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Antimicrob Agents Chemother. 2017 Oct 24;61(11). pii: e00797-17. doi: 10.1128/AAC.00797-17. Print 2017 Nov.

Nosocomial Outbreak of Extensively Drug-Resistant Acinetobacter baumannii Isolates Containing blaOXA-237 Carried on a Plasmid.

Author information

1
Department of Medicine, Case Western Reserve University School of Medicine, Cleveland, Ohio, USA.
2
Louis Stokes Cleveland Department of Veterans Affairs Medical Center, Cleveland, Ohio, USA.
3
Institute for Medical Microbiology, Immunology and Hygiene, University of Cologne, Cologne, Germany.
4
German Center for Infection Research (DZIF), Partner Site Bonn-Cologne, Cologne, Germany.
5
Public Health Division, Oregon Health Authority, Portland, Oregon, USA.
6
Department of Molecular Biology and Microbiology, Case Western Reserve University School of Medicine, Cleveland, Ohio, USA.
7
Department of Pharmacy Practice, Oregon State University/Oregon Health and Science University College of Pharmacy, Portland, Oregon, USA.
8
Department of Hospital and Specialty Medicine, VA Portland Health Care System, Portland, Oregon, USA.
9
Division of Infectious Diseases, Department of Medicine, Oregon Health and Science University, Portland, Oregon, USA.
10
J. Craig Venter Institute, La Jolla, California, USA.
11
Department of Pathology, Case Western Reserve University School of Medicine, Cleveland, Ohio, USA.
12
Department of Medicine, Case Western Reserve University School of Medicine, Cleveland, Ohio, USA robert.bonomo@va.gov.
13
Department of Pharmacology, Case Western Reserve University School of Medicine, Cleveland, Ohio, USA.
14
Department of Biochemistry, Case Western Reserve University School of Medicine, Cleveland, Ohio, USA.
15
Department of Proteomics and Bioinformatics, Case Western Reserve University School of Medicine, Cleveland, Ohio, USA.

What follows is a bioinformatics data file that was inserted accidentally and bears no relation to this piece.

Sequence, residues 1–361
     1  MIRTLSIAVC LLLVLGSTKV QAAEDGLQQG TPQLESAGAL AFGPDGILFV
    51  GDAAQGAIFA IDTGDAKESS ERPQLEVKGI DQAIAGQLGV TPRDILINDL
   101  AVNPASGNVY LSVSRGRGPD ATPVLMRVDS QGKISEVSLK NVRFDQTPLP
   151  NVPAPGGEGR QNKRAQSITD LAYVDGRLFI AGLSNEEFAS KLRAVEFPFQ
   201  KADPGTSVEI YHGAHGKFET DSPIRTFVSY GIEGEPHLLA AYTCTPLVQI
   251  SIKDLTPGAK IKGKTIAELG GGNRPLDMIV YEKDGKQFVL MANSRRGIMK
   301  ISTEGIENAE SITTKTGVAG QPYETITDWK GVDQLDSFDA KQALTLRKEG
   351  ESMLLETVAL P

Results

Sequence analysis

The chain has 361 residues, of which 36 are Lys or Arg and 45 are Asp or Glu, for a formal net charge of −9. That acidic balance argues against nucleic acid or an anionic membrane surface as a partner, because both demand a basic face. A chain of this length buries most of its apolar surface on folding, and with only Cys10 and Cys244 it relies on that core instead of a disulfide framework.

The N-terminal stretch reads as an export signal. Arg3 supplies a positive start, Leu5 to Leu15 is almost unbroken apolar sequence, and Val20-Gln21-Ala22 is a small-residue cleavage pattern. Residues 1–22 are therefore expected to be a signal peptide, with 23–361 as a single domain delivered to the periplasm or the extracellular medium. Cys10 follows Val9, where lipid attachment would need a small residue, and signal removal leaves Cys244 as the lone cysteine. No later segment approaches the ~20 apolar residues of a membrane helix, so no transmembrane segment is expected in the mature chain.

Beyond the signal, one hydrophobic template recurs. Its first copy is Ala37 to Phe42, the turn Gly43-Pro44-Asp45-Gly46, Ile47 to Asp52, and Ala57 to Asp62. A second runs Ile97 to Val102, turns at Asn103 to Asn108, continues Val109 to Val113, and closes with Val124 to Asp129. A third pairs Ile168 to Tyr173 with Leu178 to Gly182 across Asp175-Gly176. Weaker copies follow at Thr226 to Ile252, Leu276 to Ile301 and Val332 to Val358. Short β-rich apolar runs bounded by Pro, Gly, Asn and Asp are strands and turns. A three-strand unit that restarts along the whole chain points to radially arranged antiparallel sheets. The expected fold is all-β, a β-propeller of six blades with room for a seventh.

Abstract

Carbapenem antibiotics are among the mainstays for treating infections caused by Acinetobacter baumannii, especially in the Northwest United States, where carbapenem-resistant A. baumannii remains relatively rare. However, between June 2012 and October 2014, an outbreak of carbapenem-resistant A. baumannii occurred in 16 patients from five health care facilities in the state of Oregon. All isolates were defined as extensively drug resistant. Multilocus sequence typing revealed that the isolates belonged to sequence type 2 (international clone 2 [IC2]) and were >95% similar as determined by repetitive-sequence-based PCR analysis. Multiplex PCR revealed the presence of a blaOXA carbapenemase gene, later identified as blaOXA-237 Whole-genome sequencing of all isolates revealed a well-supported separate branch within a global A. baumannii phylogeny. Pacific Biosciences (PacBio) SMRT sequencing was also performed on one isolate to gain insight into the genetic location of the carbapenem resistance gene. We discovered that blaOXA-237, flanked on either side by ISAba1 elements in opposite orientations, was carried on a 15,198-bp plasmid designated pORAB01-3 and was present in all 16 isolates. The plasmid also contained genes encoding a TonB-dependent receptor, septicolysin, a type IV secretory pathway (VirD4 component, TraG/TraD family) ATPase, an integrase, a RepB family plasmid DNA replication initiator protein, an alpha/beta hydrolase, and a BrnT/BrnA type II toxin-antitoxin system. This is the first reported outbreak in the northwestern United States associated with this carbapenemase. Particularly worrisome is that blaOXA-237 was carried on a plasmid and found in the most prominent worldwide clonal group IC2, potentially giving pORAB01-3 great capacity for future widespread dissemination.

KEYWORDS:

Acinetobacter; Acinetobacter baumannii; OXA-237; carbapenemase; plasmid

PMID:
28893775
PMCID:
PMC5655091
DOI:
10.1128/AAC.00797-17
[Indexed for MEDLINE]
Free PMC Article

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